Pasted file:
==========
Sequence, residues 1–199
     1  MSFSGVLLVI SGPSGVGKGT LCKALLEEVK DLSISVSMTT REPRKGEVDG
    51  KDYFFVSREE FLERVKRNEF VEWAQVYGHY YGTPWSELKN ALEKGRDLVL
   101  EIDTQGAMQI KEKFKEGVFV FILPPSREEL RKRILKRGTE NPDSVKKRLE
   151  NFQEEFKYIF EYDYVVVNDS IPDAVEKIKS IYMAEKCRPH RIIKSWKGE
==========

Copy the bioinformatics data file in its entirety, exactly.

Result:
Sequence, residues 1–199
     1  MSFSGVLLVI SGPSGVGKGT LCKALLEEVK DLSISVSMTT REPRKGEVDG
    51  KDYFFVSREE FLERVKRNEF VEWAQVYGHY YGTPWSELKN ALEKGRDLVL
   101  EIDTQGAMQI KEKFKEGVFV FILPPSREEL RKRILKRGTE NPDSVKKRLE
   151  NFQEEFKYIF EYDYVVVNDS IPDAVEKIKS IYMAEKCRPH RIIKSWKGE